Crisis-hit Sri Lanka appoints new PM to replace president's brother
Sri Lanka's president swore in a new prime minister Thursday to replace his brother, who was banned from leaving the country after his supporters launched violent attacks on a protest against the nation's dire economic crisis.
The new premier, Ranil Wickremesinghe, has already served in the office five times -- but it remains unclear if he will be able to get any legislation through parliament.
The 73-year-old will be tasked with navigating Sri Lanka through its worst downturn in its history as an independent nation, with months of shortages and blackouts inflaming public anger.
"A cabinet is likely to be appointed tomorrow," Sudewa Hettiarachchi, a spokesman for President Gotabaya Rajapaksa, told AFP.
In a televised address to the nation on Wednesday night, Rajapaksa stopped short of yielding to weeks of countrywide protests calling for him to resign.
But in a bid to win over opposition lawmakers demanding he quit, Rajapaksa, 72, pledged to give up most of his executive powers and set up a new cabinet this week.
"I will name a prime minister who will command a majority in parliament and the confidence of the people," he said.
Mahinda Rajapaksa, the president's brother, resigned as prime minister on Monday after his supporters attacked anti-government demonstrators who had been protesting peacefully for weeks.
This marked a turning point and unleashed several days of chaos and violence in which at least nine people were killed and over 200 injured, with dozens of Rajapaksa loyalist homes set on fire.
Mahinda has since fled the capital Colombo and taken refuge at the Trincomalee naval base on the country's east coast.
On Thursday, a court banned him, his politician son Namal, and more than a dozen allies from leaving the country after ordering an investigation into the violence.
Security forces patrolling in armoured personnel carriers with orders to shoot looters on sight have largely restored order.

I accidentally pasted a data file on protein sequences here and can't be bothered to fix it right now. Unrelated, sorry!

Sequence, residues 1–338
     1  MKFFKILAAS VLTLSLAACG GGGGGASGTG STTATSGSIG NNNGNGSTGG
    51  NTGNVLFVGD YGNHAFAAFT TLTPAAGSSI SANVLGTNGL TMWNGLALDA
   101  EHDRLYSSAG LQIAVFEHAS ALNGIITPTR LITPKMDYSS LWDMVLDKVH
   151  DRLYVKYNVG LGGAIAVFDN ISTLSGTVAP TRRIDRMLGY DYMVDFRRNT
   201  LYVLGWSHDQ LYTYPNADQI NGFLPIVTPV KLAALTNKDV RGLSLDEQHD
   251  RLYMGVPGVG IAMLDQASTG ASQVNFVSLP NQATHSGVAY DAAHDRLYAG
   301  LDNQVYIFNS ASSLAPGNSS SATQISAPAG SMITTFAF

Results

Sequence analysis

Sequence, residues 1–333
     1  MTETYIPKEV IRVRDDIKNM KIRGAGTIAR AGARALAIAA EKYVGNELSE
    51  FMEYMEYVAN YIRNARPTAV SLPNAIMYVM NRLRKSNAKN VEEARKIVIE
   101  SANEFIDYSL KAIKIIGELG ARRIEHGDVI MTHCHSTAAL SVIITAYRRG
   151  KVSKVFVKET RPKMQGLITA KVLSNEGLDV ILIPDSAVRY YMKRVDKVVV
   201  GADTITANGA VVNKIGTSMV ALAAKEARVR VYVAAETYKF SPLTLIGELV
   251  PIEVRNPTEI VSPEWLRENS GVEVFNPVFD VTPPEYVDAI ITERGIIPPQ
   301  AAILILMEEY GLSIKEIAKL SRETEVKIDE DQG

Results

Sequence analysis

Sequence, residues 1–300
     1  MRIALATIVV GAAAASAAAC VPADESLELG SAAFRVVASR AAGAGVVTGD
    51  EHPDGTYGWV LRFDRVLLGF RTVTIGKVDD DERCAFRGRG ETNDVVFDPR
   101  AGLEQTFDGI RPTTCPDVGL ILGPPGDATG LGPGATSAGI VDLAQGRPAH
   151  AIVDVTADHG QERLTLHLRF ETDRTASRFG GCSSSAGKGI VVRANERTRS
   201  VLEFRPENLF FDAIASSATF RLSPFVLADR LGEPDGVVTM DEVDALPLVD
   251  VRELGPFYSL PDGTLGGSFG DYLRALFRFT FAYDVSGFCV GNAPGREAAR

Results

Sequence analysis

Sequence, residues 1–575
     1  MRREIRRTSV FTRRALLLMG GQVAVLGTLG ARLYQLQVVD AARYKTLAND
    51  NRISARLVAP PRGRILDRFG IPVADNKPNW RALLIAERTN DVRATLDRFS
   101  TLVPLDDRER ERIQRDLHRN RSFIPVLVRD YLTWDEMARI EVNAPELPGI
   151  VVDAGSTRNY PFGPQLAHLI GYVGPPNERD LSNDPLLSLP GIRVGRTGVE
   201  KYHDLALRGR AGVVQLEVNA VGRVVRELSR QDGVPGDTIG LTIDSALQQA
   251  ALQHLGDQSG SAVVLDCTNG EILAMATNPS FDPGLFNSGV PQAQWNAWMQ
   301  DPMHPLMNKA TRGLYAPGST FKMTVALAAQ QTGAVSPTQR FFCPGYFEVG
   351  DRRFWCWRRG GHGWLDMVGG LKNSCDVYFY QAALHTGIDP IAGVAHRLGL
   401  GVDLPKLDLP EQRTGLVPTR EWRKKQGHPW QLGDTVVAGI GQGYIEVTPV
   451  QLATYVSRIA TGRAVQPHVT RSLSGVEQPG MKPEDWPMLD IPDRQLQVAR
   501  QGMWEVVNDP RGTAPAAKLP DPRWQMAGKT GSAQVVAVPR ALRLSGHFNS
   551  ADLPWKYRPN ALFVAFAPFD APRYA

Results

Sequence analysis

A curfew was lifted Thursday morning -- only to be reimposed after a six-hour break allowing Sri Lanka's 22 million people to stock up on essentials.
- 'Collapse beyond redemption' -
Sri Lankans have suffered months of severe shortages of food, fuel and medicines -- as well as long power cuts -- after the country burnt through foreign currency reserves needed to pay for vital imports.
The central bank chief warned Wednesday that the economy would "collapse beyond redemption" unless a new government was urgently appointed.
Wickremesinghe, 73, is seen as a pro-West free-market reformist, potentially making bailout negotiations with the International Monetary Fund and others smoother.
With many from Rajapaksa's party having defected in recent months, no group in the 225-member assembly has an absolute majority, making parliamentary approval of the unity government's legislation potentially tricky.
It also remains to be seen whether a new cabinet will be enough to calm public anger if Rajapaksa continues to resist calls for his resignation.
"What he has done is despicable, he has brought all of us to this state of hunger and poverty," Abu Nawaz, a small business owner in Colombo, told AFP.
"What is the point of keeping him as the president?" he added. "Will this end our miseries?"
Wickremesinghe had already been working closely with Rajapaksa before his appointment, to shake up the finance ministry and the central bank with sweeping policy changes, an official close to their discussions told AFP.
- 'We can't wait any longer' -
The central bank almost doubled key interest rates and announced a default on Sri Lanka's $51-billion external debt as part of the policy shift, officials said.
The main opposition SJB party was initially invited to lead a new government, but its leader Sajith Premadasa insisted the president first step down.
In recent days the party has split, with a dozen SJB lawmakers pledging support to Wickremesinghe.
"We can't be imposing conditions that cannot be fully met. First, we must address the economic crisis," said the party's Harin Fernando.
"We need at least $85 million a week to finance essential imports. We must collectively find a way to raise this money urgently," he added.
Fernando said he expected a new ministry to be formed by Friday. "We can't wait any longer," he added.
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